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How Facebook is quietly preparing to dominate virtual reality

VR gaming accounts for less than 1% of the gaming market, but Facebook is going all in. What does Zuckerberg know that we don’t? The post How Facebook is quietly preparing to dominate virtual reality appeared first on The Motley Fool Australia. –

This article was originally published on Fool.com. All figures quoted in US dollars unless otherwise stated.

This article was originally published on Fool.com. All figures quoted in US dollars unless otherwise stated.

According to The Verge, nearly 20% of Facebook‘s (NASDAQ: FB) employees are working exclusively on virtual reality (VR) and augmented reality (AR). Plus, the company has been acquiring small VR studios for years, most recently BigBox VR (creator of Population: One, the Fortnite of VR) and Unit 2 Games (creator of Craya, a Roblox-esque VR gaming platform), for undisclosed sums. 

These continuous investments in talent and studio acquisitions may seem steep for a business segment that accounts for less than 3% of Facebook’s top line. But Mark Zuckerberg’s ambitious vision for VR is powering a shopping spree that likely won’t stop anytime soon. Is Facebook ahead of the game, or will its Oculus VR venture fail to move the needle?

The future of VR gaming

Zuckerberg has been talking up VR more than usual lately, partly thanks to accelerated adoption of the Oculus Quest 2 VR headset (according to Facebook — but the company does not explicitly report figures for sold VR hardware). The CEO’s first major talking point in Facebook’s latest earnings report was VR and AR, predicting “augmented and virtual reality to unlock a massive amount of value, both in people’s lives and the economy overall.”

His excitement about the technology is not unwarranted — Fortune Business Insights forecasts that the global market for VR gaming will reach $45.2 billion by 2027 (from $5.1 billion in 2019). This translates to a compounded annual growth rate (CAGR) of 31.8%, compared to a CAGR of only 5.3% for the overall gaming console market over the same forecast period.  

How Facebook got ahead

Facebook’s strategy for VR gaming domination starts with laying a solid foundation of technology and developer talent. In classic Facebook fashion, its primary tactic has been acquiring existing VR hardware and software companies.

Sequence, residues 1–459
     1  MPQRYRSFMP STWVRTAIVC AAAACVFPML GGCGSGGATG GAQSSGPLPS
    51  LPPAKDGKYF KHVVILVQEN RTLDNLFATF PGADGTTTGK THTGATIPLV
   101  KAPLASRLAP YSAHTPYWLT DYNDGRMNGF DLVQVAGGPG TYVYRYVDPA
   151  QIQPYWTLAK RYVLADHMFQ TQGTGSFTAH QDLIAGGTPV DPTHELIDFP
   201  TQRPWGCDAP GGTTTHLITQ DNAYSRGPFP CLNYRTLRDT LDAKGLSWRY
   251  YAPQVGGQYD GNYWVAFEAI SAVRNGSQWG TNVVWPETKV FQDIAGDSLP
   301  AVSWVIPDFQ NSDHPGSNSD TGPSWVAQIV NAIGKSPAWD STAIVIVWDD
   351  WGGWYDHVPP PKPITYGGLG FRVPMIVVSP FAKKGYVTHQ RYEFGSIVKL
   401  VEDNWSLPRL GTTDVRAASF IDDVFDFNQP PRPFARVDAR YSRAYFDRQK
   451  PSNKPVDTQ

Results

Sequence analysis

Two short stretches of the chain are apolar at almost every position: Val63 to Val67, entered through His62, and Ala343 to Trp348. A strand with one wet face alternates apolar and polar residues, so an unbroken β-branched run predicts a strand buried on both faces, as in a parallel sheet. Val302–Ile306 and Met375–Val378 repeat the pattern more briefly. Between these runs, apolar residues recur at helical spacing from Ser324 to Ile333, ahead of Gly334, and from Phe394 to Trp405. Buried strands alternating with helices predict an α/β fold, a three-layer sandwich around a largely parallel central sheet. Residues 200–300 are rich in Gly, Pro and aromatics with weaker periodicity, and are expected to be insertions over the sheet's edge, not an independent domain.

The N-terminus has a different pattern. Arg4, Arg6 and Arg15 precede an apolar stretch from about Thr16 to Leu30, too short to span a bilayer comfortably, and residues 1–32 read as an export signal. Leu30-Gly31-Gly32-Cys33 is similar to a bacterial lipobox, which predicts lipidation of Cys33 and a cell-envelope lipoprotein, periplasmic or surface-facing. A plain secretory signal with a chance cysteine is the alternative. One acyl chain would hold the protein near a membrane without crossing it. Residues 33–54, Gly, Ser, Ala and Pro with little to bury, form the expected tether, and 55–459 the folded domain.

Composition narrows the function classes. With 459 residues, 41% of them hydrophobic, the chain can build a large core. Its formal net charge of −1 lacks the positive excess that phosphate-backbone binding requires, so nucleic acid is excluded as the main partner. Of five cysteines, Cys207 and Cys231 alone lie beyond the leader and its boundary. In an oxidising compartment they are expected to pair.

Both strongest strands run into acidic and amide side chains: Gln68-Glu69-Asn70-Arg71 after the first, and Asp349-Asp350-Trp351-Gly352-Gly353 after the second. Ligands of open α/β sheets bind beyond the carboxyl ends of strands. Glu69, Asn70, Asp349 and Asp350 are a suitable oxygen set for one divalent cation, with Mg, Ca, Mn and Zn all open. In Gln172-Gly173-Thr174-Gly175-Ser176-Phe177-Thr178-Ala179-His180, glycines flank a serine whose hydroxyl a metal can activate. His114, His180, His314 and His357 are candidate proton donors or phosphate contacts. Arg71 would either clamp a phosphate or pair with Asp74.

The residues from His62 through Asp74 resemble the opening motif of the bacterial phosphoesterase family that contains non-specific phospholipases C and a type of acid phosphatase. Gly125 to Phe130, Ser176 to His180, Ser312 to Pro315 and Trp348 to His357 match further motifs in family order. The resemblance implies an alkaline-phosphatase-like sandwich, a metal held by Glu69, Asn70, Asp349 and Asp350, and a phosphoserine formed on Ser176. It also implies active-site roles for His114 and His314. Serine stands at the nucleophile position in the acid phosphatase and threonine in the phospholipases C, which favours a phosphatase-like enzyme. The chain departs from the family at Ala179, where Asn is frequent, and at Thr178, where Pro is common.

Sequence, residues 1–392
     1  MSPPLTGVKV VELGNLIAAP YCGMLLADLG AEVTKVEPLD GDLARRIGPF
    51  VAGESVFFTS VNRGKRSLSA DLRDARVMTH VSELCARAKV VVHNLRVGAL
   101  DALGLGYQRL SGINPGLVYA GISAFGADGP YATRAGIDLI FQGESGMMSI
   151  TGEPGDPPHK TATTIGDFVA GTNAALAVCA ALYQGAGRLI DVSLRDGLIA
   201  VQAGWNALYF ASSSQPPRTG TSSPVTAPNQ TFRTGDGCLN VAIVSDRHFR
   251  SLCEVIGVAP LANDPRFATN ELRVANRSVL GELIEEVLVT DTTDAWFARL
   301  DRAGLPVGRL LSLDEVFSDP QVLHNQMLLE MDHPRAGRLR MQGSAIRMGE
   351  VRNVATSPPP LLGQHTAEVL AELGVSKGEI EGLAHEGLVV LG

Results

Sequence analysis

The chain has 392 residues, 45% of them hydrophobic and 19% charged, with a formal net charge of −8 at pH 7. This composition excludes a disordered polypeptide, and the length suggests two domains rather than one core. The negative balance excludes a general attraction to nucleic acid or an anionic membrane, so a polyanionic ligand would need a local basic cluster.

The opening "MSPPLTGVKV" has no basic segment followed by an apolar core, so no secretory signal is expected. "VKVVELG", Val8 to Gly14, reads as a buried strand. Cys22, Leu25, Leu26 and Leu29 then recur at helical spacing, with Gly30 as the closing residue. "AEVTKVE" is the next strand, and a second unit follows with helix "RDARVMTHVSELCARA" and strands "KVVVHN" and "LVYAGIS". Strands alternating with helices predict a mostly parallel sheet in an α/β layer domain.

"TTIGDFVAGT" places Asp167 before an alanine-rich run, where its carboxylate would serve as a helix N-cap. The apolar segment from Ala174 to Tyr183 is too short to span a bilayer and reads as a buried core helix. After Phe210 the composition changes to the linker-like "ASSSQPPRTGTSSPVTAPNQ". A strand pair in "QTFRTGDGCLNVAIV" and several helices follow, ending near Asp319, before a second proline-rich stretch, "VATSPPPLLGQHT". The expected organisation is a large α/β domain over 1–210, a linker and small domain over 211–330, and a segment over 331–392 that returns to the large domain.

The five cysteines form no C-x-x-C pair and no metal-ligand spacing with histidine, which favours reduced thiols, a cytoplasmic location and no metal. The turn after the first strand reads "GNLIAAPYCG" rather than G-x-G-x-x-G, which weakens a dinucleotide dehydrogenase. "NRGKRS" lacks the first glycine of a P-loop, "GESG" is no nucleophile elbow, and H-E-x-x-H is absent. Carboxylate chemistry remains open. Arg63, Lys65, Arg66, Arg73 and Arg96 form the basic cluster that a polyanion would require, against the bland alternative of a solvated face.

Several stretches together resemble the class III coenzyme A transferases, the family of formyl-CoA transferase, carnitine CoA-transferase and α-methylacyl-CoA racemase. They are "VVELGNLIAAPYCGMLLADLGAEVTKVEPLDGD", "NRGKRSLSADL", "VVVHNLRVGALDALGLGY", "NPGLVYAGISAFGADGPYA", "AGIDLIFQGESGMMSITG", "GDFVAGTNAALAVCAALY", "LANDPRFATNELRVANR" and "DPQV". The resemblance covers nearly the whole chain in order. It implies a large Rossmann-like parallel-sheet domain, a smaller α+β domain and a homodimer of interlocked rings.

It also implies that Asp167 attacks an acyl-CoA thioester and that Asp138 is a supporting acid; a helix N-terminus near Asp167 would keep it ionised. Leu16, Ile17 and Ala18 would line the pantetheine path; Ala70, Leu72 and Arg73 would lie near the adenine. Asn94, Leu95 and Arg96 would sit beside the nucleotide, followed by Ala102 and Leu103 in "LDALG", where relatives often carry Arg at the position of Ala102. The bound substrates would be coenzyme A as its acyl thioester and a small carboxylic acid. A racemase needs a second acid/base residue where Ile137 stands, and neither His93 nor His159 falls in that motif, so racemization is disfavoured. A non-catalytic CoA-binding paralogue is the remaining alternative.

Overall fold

Since acquiring Oculus VR for $2 billion in 2014, the company has made significant progress in improving its VR hardware to better suit customers’ needs. The current Oculus Quest 2 is a stand-alone headset (i.e., no wires to trip on or tangle up while playing) and requires no external device (such as a console or PC). Conversely, Sony‘s (NYSE: SONY) wired PlayStation VR headset requires a PlayStation console. The Quest 2’s wireless, low-hardware conveniences combined with its lower price point relative to any other major headset on the market give Facebook a competitive edge when it comes to hardware.  

But even the best VR headset is useless without great games, making Facebook’s VR studio acquisitions crucial to building up its VR ecosystem. By acquiring small yet high-performing studios, Facebook is securing revenue from already-popular VR games on Oculus and retaining top software developers to create exclusive content within the Oculus platform. Considering the company’s standard four-year stock option vesting schedule, it’s unlikely that developers from studios like BigBox or Unit 2 will jump ship to work for a competitor anytime soon.

Why it’ll stay ahead

If you know Facebook’s business model, you’re probably wondering when ads come into play. The company has announced that it will begin testing ads in select games on the Oculus platform, but it’s still up in the air what exactly the ad experience will look like once testing begins — and how VR gamers will react. 

If the company can manage to integrate ads without breaking the immersive gaming experience, it will help developers earn more revenue (thus, attracting more developers to the Oculus platform) and could even make games more realistic. For example, real ads appearing on in-game TV screens and billboards would not break players’ immersion in their gaming world, while still driving revenue for developers and Facebook.